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Fuelling your return to the gym- Pre-training nutrition.


I'm sure many of us are really looking forward to getting back in the gym or even if this will be a new experience for you it's really important to fuel your body correctly for optimal performance and asthetic results.

Just a quick note on going at it too hard from the get go. It's so tempting to start smashing into the heavy lifts but go easy for a couple of weeks. You won't be able to train if you are walking like John Wayne and can't even scratch your nose for fear of your arm falling off.

Consider some full body sessions over body splits to begin with so as to not overwork an individual muscle group.

PRE WORKOUT

Fueling your body with the right nutrients prior to exercise will give you the energy and strength you need to perform better.

Each macronutrient has a specific role before a workout. However, the ratio in which you need to consume them varies by the individual and type of exercise

Below is a brief look at the role of each macronutrient.

Carbs

Your muscles use the glucose from carbs for fuel.

Glycogen is the way the body processes and stores glucose, mainly in the liver and muscles.

For short- and high-intensity exercise, your glycogen stores are your muscles’ main source of energy.

But for longer exercises, the degree to which carbs are used depends on several factors. These include the intensity, type of training and your overall diet

Your muscles glycogen stores are limited. As these stores become depleted, your output and intensity diminish. So fuelling with carbs before your training will boost carb oxidation during exercise


Protein

Many studies have documented the potential of pre-workout protein consumption to improve athletic performance.

Eating protein prior to exercise has been shown to increase muscle protein synthesis

One study showed a positive anabolic response after participants consumed 20 grams of whey protein before exercise

Other benefits of eating protein before exercise include:

  • A better anabolic response, or muscle growth

  • Improved muscle recovery

  • Increased strength and lean body mass

  • Increased muscle performance

Fat

While glycogen is used for short- and high-intensity bouts of exercise, fat is the source of fuel for longer and moderate-to-low-intensity exercise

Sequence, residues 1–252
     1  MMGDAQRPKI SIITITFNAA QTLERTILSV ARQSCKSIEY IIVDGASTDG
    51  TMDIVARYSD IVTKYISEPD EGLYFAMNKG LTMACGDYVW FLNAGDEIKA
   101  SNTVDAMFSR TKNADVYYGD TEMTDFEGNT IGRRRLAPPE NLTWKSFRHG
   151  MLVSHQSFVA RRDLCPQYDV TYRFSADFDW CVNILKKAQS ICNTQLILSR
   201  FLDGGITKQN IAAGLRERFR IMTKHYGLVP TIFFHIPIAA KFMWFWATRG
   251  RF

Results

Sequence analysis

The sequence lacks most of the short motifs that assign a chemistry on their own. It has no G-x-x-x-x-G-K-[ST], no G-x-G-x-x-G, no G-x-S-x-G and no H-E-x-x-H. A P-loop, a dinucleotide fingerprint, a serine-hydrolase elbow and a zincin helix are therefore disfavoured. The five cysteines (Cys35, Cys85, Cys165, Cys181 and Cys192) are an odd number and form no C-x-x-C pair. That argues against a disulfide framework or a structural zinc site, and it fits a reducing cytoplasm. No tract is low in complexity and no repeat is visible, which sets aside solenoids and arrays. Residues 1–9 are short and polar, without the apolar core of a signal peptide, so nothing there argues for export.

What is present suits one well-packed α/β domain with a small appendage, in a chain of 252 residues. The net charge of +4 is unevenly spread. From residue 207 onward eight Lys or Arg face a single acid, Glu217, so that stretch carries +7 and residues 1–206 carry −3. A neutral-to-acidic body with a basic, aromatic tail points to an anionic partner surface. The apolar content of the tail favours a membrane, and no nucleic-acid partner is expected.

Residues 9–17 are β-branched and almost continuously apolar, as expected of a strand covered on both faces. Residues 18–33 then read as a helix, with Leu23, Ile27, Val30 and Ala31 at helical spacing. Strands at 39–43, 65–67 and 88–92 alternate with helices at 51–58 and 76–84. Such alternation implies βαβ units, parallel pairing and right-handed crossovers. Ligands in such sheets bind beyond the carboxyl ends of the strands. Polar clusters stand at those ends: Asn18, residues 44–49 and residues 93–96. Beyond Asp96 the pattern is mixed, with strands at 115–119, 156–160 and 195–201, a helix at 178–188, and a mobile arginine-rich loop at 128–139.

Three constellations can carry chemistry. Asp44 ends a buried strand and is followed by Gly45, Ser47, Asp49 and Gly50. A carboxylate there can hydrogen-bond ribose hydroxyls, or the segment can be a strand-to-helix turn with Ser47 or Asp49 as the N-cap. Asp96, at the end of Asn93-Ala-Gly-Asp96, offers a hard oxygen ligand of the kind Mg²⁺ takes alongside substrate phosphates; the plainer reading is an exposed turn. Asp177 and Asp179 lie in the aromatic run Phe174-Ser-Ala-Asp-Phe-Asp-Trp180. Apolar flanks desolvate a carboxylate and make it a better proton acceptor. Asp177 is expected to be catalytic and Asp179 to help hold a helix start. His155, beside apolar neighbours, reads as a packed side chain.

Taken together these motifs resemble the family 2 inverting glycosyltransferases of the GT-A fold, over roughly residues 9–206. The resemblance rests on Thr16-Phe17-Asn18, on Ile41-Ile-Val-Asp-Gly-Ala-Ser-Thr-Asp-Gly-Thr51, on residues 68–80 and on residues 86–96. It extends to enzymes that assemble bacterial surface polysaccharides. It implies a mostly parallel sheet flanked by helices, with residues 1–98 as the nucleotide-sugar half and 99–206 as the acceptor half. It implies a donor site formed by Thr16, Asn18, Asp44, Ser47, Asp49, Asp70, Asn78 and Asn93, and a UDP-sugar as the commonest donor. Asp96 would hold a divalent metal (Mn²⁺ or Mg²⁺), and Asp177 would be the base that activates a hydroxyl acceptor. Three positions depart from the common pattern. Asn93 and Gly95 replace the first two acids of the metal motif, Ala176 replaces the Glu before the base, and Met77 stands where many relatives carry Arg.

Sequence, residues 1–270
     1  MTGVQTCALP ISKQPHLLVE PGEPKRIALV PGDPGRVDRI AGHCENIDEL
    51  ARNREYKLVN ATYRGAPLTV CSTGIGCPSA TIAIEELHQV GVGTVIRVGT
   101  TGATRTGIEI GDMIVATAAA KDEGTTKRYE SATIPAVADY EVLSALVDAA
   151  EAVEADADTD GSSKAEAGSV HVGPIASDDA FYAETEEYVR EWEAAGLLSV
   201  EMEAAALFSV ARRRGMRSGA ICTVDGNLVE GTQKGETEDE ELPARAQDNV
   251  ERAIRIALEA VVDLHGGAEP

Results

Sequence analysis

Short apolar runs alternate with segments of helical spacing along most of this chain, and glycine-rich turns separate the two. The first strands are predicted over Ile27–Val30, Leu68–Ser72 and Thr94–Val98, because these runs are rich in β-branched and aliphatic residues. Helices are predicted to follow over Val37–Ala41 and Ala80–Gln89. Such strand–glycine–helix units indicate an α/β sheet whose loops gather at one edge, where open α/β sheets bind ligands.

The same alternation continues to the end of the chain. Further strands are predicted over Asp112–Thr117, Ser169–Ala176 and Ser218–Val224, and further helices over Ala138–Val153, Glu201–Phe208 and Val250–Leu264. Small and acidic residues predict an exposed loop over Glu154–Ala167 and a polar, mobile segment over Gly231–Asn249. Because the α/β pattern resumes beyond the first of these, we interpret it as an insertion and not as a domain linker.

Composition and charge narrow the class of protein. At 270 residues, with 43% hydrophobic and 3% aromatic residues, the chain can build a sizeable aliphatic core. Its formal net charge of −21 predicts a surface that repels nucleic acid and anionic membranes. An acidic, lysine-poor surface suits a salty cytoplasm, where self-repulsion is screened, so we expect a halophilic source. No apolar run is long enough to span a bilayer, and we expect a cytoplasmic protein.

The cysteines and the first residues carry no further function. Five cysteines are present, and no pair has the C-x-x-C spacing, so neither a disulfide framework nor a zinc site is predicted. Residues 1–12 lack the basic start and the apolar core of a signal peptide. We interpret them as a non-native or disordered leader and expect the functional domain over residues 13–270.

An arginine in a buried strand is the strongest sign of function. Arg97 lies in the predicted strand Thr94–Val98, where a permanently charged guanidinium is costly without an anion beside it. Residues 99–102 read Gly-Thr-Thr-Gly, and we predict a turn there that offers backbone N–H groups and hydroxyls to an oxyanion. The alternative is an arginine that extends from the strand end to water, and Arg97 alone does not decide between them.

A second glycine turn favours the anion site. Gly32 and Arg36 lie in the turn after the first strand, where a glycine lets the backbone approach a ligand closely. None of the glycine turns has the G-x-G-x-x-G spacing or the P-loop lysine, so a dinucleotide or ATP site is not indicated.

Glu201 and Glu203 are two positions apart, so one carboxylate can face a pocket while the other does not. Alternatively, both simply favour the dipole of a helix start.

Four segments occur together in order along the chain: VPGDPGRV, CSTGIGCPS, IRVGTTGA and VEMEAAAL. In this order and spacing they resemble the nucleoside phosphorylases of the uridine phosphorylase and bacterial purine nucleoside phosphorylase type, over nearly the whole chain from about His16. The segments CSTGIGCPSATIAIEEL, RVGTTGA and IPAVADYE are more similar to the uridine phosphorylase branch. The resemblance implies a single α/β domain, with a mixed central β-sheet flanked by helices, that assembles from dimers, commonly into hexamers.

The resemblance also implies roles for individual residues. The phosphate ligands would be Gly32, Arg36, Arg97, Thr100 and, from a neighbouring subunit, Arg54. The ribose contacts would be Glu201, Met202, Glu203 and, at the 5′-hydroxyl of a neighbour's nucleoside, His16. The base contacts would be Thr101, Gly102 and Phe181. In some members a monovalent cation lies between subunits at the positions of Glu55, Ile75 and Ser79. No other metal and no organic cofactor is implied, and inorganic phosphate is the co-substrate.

Some studies have investigated the effects of fat intake on athletic performance. However, these studies looked at high-fat diets over a long period, rather than prior to exercise

A keto style diet can be beneficial for ultra marathon runners for example staying at a moderate to low intensity. However type 11b muscle fibres (these fire up when a quick push of strength and power is needed) cannot engage without the presence of glucose (carbs) so being mindful of that and its implications for your chosen sport are key.


To summarize

Carbs help maximize glycogen stores for high-intensity exercise, while fat helps fuel your body for longer, less intense workouts. Meanwhile, protein improves muscle protein synthesis and aids recovery.

The timing of your meal is also an important aspect of pre-exercise nutrition.

To maximize the results of your training, try to eat a complete meal containing carbs, protein and fat 2–3 hours before you exercise.

However, in some cases, you may not be able to get in a full meal 2–3 hours before working out.

In that case, then you can still eat a decent pre-workout meal. However, keep in mind that the sooner you eat before your workout, the smaller and simpler the meal should be.

If you eat 45–60 minutes prior to your workout, choose foods that are simple to digest and contain mainly carbs and some protein.

This will help prevent any stomach discomfort during exercise.


Some examples of pre-workout meals

Which foods and how much to eat depends on the type, duration and intensity of the workout. A good rule of thumb is to eat a mixture of carbs and protein prior to exercise. If you eat fat with your pre-workout meal, then it should be consumed at least a few hours before your workout Here are some examples of balanced pre-workout meals:


If Your Workout Starts Within 2–3 Hours or More

  • Sandwich on whole-grain bread, lean protein and a side salad

  • Egg omelet and whole-grain toast topped with avocado spread and a cup of fruit

  • Lean protein, brown rice and roasted vegetables

If Your Workout Starts Within 2 Hours

  • Protein smoothie made with milk, protein powder, banana and mixed berries

  • Whole-grain cereal and milk

  • A cup of oatmeal topped with banana and sliced almonds

  • Natural almond butter and fruit preserve sandwich on whole-grain bread

If Your Workout Starts Within an Hour or Less

  • Greek yogurt and fruit

  • Nutrition bar with protein and wholesome ingredients

  • A piece of fruit, such as a banana, orange or appleI

For best results, experiment with different timings and nutrient compositions.


For those individuals who train early in the morning and don't have time to eat and digest like myself. I like to use an electrolytes and carbs drink to fuel my training session then refuel with a minimum of 20g of protein post workout within my chosen breakfast .


A combination of carbs and protein is recommended for pre-workout meals. Fat can also be beneficial, but it should be consumed at least two hours before exercise.

I will be writing a blog on post training nutrition shortly.

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